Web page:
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Personality and emotional processing: A relationship between extraversion and the late positive potential in adolescence

Published on Aug 1, 2015in Psychophysiology3.378
· DOI :10.1111/psyp.12436
Brittany C. Speed6
Estimated H-index: 6
(SBU: Stony Brook University),
Brady D. Nelson20
Estimated H-index: 20
(SBU: Stony Brook University)
+ 3 AuthorsGreg Hajcak71
Estimated H-index: 71
(SBU: Stony Brook University)
Abstract
Neuroticism and extraversion are multifaceted affective-laden personality traits that have been associated with Major Depressive Disorder (MDD). Research and theory have argued that extraversion, and particularly its facet positive emotionality, is specific to MDD, while neuroticism is common across internalizing disorders. Converging evidence has suggested that MDD is associated with reduced engagement with emotional stimuli, but it remains unclear whether either extraversion, neuroticism, or both modulate reactivity to emotional cues. The late positive potential (LPP) is an event-related brain potential that is uniquely suited to assess engagement with emotional stimuli because it reflects sustained attention toward emotional content. The current study examined the LPP in relation to personality traits that may confer risk for depression, by examining the relationship between the LPP and both neuroticism and extraversion in never-depressed adolescent girls. Specifically, 550 girls aged 13.5-15.5 with no lifetime history of depression completed an emotional picture-viewing task and the LPP was measured in response to neutral, pleasant, and unpleasant pictures. Personality traits were gathered via self and informant report. Results indicated that high extraversion was associated with a potentiated LPP to emotional pictures—and this effect was accounted for by positive emotionality in particular. In contrast, there was no association between the LPP and neuroticism or its facets. The present study is one of the first to demonstrate that extraversion is associated with variation in neural indices of emotional picture processing, similar to what has been observed among individuals with depression and at high risk for depression.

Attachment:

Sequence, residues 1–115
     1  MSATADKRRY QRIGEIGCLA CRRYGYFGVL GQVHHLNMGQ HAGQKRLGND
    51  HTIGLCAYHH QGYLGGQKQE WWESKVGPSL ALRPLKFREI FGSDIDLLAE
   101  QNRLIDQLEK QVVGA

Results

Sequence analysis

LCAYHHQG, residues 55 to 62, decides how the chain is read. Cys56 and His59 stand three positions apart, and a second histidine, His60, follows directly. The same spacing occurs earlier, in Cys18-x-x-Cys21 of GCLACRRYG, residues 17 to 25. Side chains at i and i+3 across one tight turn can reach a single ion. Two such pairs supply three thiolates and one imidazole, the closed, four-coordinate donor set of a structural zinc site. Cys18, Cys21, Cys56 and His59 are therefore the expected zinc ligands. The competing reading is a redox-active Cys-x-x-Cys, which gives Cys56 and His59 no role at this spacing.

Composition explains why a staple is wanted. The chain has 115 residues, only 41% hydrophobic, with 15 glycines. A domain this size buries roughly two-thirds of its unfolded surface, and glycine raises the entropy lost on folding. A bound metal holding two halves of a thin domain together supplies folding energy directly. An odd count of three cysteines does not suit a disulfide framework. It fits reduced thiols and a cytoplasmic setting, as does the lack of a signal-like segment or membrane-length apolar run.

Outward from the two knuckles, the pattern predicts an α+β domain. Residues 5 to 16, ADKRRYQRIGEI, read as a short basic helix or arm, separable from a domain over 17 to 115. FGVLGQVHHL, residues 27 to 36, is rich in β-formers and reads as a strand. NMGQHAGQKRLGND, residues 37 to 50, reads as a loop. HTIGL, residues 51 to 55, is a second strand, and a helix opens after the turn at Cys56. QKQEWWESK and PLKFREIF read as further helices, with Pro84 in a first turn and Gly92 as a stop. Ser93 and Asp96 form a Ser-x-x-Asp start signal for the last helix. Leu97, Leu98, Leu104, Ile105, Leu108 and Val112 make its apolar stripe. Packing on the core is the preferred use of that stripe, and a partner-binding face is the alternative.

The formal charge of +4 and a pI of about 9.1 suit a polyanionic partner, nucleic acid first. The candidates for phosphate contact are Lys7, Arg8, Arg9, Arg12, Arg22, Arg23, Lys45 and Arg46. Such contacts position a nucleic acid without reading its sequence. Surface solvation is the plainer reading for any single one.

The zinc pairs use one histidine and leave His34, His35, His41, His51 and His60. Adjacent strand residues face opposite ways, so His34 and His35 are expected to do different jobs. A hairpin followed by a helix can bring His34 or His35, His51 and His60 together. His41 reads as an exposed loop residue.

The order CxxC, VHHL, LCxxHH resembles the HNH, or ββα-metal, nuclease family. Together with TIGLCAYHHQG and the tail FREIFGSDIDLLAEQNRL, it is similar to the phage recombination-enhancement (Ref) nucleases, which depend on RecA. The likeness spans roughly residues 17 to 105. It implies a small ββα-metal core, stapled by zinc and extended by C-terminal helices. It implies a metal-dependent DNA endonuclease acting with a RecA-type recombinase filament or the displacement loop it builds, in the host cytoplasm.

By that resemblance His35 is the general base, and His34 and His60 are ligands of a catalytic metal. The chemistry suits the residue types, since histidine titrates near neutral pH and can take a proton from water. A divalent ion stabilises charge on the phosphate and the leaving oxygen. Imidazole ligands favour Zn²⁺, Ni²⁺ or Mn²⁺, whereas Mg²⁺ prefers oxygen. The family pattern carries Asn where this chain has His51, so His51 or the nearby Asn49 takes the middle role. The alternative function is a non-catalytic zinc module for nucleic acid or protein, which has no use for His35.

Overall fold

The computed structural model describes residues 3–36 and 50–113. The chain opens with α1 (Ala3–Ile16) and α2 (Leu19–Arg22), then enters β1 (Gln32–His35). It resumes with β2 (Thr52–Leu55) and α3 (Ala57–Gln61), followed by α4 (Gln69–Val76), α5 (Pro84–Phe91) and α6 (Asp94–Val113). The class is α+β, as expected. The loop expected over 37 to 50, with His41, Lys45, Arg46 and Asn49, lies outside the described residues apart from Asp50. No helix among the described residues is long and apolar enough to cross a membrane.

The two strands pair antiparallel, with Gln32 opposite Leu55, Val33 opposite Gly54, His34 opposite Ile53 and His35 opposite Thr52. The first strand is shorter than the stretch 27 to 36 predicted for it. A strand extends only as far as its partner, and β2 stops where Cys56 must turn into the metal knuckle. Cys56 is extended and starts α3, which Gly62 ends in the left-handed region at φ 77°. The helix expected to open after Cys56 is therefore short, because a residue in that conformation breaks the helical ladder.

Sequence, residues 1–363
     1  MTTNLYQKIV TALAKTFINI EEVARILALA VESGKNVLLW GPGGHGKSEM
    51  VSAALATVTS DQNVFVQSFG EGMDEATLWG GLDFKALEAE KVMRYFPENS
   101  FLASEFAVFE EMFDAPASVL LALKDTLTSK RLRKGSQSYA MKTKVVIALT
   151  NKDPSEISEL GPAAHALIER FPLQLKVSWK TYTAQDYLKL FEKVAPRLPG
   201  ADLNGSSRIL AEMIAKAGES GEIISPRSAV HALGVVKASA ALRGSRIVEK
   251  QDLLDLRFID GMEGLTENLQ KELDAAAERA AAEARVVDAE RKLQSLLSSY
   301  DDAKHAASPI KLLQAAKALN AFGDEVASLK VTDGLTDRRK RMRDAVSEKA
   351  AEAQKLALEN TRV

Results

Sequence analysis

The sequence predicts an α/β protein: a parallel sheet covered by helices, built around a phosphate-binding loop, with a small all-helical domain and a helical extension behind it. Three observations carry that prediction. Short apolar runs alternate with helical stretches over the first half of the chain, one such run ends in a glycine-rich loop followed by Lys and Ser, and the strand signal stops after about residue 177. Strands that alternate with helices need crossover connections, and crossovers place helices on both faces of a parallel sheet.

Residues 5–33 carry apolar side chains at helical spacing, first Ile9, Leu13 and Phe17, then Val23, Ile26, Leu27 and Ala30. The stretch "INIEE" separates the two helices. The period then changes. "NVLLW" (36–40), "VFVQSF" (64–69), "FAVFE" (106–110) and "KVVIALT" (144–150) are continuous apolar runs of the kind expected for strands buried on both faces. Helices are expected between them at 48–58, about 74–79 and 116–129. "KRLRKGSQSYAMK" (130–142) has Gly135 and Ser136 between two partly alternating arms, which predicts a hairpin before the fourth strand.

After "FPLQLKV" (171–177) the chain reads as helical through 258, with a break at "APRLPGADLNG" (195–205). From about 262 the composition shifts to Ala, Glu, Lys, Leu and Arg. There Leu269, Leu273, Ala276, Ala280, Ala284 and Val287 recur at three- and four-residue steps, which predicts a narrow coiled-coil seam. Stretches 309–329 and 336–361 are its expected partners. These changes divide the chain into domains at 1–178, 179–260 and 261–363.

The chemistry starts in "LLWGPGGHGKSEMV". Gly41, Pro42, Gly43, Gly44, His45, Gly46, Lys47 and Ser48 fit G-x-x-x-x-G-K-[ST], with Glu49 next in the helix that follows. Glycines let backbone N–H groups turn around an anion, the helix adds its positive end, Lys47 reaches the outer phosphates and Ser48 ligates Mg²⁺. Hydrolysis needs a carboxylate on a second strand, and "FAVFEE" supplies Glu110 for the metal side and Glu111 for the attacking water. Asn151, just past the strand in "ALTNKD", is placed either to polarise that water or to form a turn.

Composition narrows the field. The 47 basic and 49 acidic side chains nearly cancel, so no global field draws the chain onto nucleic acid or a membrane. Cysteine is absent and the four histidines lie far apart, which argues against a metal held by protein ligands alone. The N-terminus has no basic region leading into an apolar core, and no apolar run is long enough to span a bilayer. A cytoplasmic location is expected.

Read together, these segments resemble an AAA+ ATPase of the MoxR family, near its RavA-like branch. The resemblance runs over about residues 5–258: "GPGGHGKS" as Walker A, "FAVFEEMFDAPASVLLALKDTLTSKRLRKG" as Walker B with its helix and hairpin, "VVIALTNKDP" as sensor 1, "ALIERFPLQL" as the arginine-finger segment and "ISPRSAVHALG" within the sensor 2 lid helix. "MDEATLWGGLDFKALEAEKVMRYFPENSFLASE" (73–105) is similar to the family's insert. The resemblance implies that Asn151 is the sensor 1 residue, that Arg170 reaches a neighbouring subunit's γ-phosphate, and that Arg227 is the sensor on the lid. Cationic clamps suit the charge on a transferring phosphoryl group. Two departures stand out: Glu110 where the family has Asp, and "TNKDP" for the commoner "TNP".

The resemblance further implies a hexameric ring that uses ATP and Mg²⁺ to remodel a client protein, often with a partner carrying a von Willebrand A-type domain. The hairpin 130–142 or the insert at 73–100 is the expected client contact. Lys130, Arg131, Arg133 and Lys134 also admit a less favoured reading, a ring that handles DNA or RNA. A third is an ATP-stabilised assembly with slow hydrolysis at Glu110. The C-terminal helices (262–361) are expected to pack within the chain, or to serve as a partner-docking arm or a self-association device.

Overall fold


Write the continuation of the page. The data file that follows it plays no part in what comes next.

• References (52)
  • Citations (24)
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References52
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#1Anna Weinberg (FSU: Florida State University)H-Index: 1
#2Noah C. Venables (FSU: Florida State University)H-Index: 17
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Affect-modulated event-related potentials (ERPs) are increasingly used to study psychopathology and individual differences in emotion processing. Many have suggested that variation in these neural responses reflects genetically mediated risk. However, to date, no studies have demonstrated genetic contributions to affect-modulated ERPs. The present study therefore sought to examine the heritability of a range of ERPs elicited during affective picture viewing. One hundred and thirty monozygotic an...
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#2E. David Klonsky (UBC: University of British Columbia)H-Index: 39